Publication


David McClendon and Conrad Hackett
When people shed religious identity in Ireland and Austria: Evidence from censuses
Demographic Research, 2014
URL, JabRef BibTex, Abstract
BACKGROUND Disaffiliation from religion is an important factor behind the rapid rise in persons claiming no religious affiliation in many advanced industrial countries. Scholars typically think of disaffiliation as a life course process that is confined to young adults, with little change occurring among older adults, yet few studies have examined this assumption outside the United States and Great Britain. OBJECTIVE We evaluate whether the young-adult model of disaffiliation from religion applies in Ireland and Austria, two historically Catholic-majority countries with different levels of non-affiliation growth. METHODS We use census data on religious affiliation in Ireland (1971-2011) and Austria (1971- 2001) to track aggregate changes in the percentage reporting no religious affiliation over the life course for successive birth cohorts. RESULTS We find support for the young-adult model in Ireland. However, recent cohorts in Austria exhibit a distinct pattern of disaffiliation that continues into middle adulthood. Our analysis suggests that mid-life disaffiliation in Austria is connected to a religious tax, which we argue spurs nominally affiliated adults to disaffiliate themselves, as their income rises and the costs of religious affiliation increase. CONCLUSION Our findings offer insight into some of the social factors behind recent religious change across Europe and highlight the need for more cross-national research on the age and cohort dimensions of this change.

Reference


@article{McClendon2014a,
  author = {David McClendon and Conrad Hackett},
  title = {When people shed religious identity in Ireland and Austria: Evidence from censuses},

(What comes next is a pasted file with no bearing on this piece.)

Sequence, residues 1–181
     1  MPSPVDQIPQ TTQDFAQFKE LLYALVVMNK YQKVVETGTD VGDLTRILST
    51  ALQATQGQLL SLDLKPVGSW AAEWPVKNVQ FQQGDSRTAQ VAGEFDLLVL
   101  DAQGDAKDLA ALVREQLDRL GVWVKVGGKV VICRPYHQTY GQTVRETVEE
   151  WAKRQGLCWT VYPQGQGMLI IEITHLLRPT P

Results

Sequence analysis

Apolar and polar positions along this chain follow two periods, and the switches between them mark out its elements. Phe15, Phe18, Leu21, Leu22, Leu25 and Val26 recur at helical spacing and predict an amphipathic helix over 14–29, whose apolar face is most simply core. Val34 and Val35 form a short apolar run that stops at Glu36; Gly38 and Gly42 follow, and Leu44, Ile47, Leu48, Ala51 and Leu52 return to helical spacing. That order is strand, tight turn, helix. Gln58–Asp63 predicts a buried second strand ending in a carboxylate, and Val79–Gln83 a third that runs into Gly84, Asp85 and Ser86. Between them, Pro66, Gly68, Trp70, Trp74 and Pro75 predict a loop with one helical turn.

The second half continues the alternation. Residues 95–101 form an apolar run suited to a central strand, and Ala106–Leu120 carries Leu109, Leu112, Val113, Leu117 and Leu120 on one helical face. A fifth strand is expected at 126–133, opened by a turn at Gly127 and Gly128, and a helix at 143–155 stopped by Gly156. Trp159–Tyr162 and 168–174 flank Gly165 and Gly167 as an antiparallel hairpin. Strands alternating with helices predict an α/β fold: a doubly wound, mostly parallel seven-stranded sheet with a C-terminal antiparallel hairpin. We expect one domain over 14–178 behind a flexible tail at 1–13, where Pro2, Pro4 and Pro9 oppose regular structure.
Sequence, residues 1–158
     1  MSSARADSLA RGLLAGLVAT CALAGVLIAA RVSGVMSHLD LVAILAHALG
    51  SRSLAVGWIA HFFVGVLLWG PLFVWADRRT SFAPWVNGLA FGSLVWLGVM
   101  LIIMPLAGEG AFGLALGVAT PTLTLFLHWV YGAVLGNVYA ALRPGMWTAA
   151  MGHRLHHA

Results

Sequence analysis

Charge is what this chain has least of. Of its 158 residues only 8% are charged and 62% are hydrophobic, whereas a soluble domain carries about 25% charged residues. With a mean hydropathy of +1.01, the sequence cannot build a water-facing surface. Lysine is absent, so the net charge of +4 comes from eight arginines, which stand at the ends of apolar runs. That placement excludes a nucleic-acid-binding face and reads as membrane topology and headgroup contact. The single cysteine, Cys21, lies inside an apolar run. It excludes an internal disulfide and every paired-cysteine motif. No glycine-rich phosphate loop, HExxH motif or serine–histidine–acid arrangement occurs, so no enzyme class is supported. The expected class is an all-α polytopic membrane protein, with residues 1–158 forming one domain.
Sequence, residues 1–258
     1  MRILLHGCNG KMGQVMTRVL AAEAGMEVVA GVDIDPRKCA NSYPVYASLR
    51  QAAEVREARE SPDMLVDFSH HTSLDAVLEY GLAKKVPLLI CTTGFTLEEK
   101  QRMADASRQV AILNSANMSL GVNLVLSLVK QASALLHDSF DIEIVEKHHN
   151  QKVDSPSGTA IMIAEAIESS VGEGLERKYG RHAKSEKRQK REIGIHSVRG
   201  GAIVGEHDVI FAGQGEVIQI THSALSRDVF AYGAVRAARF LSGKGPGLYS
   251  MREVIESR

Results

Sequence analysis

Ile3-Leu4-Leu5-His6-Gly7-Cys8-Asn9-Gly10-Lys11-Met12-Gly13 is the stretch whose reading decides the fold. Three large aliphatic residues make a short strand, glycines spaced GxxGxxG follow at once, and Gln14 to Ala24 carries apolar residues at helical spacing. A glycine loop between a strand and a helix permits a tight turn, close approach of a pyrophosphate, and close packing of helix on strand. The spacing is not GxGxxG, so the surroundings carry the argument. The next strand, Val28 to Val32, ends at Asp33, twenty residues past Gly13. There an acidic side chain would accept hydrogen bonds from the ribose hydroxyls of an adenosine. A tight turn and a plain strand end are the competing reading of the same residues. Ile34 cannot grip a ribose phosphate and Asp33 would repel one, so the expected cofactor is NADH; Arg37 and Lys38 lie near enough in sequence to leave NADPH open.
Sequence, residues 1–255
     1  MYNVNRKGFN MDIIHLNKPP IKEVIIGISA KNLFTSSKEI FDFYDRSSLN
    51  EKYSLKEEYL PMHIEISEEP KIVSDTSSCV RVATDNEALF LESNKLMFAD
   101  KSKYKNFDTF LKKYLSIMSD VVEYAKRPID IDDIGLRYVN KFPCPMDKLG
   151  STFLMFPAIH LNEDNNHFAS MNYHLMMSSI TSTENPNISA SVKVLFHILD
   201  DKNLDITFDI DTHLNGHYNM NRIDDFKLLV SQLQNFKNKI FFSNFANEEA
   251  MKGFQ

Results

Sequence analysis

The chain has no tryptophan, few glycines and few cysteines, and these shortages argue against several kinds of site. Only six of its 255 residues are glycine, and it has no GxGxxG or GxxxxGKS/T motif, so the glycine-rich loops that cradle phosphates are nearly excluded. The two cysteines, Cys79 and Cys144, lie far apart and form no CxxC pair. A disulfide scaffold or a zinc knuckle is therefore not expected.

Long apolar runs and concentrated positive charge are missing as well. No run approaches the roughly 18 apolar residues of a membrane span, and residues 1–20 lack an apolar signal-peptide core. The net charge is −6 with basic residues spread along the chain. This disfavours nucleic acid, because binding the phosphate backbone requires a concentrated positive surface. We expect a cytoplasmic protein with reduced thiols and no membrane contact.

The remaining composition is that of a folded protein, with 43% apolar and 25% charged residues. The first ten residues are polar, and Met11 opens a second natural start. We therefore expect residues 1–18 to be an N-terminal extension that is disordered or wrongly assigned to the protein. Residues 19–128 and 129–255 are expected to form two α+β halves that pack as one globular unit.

year = {2014},
  journal = {Demographic Research},
  volume = {31},
  number = {43},
  pages = {1297-1310},
  month = {Nov},
  url = {http://www.demographic-research.org/volumes/vol31/43/31-43.pdf},
  timestamp = {02.12.2014},
  abstract = {BACKGROUND
Disaffiliation from religion is an important factor behind the rapid rise in persons
claiming no religious affiliation in many advanced industrial countries. Scholars
typically think of disaffiliation as a life course process that is confined to young adults,
with little change occurring among older adults, yet few studies have examined this
assumption outside the United States and Great Britain.
OBJECTIVE
We evaluate whether the young-adult model of disaffiliation from religion applies in
Ireland and Austria, two historically Catholic-majority countries with different levels of
non-affiliation growth.
METHODS
We use census data on religious affiliation in Ireland (1971-2011) and Austria (1971-
2001) to track aggregate changes in the percentage reporting no religious affiliation
over the life course for successive birth cohorts.
RESULTS
We find support for the young-adult model in Ireland. However, recent cohorts in
Austria exhibit a distinct pattern of disaffiliation that continues into middle adulthood.
Our analysis suggests that mid-life disaffiliation in Austria is connected to a religious
tax, which we argue spurs nominally affiliated adults to disaffiliate themselves, as their
income rises and the costs of religious affiliation increase.
CONCLUSION
Our findings offer insight into some of the social factors behind recent religious change
across Europe and highlight the need for more cross-national research on the age and
cohort dimensions of this change.
}
}

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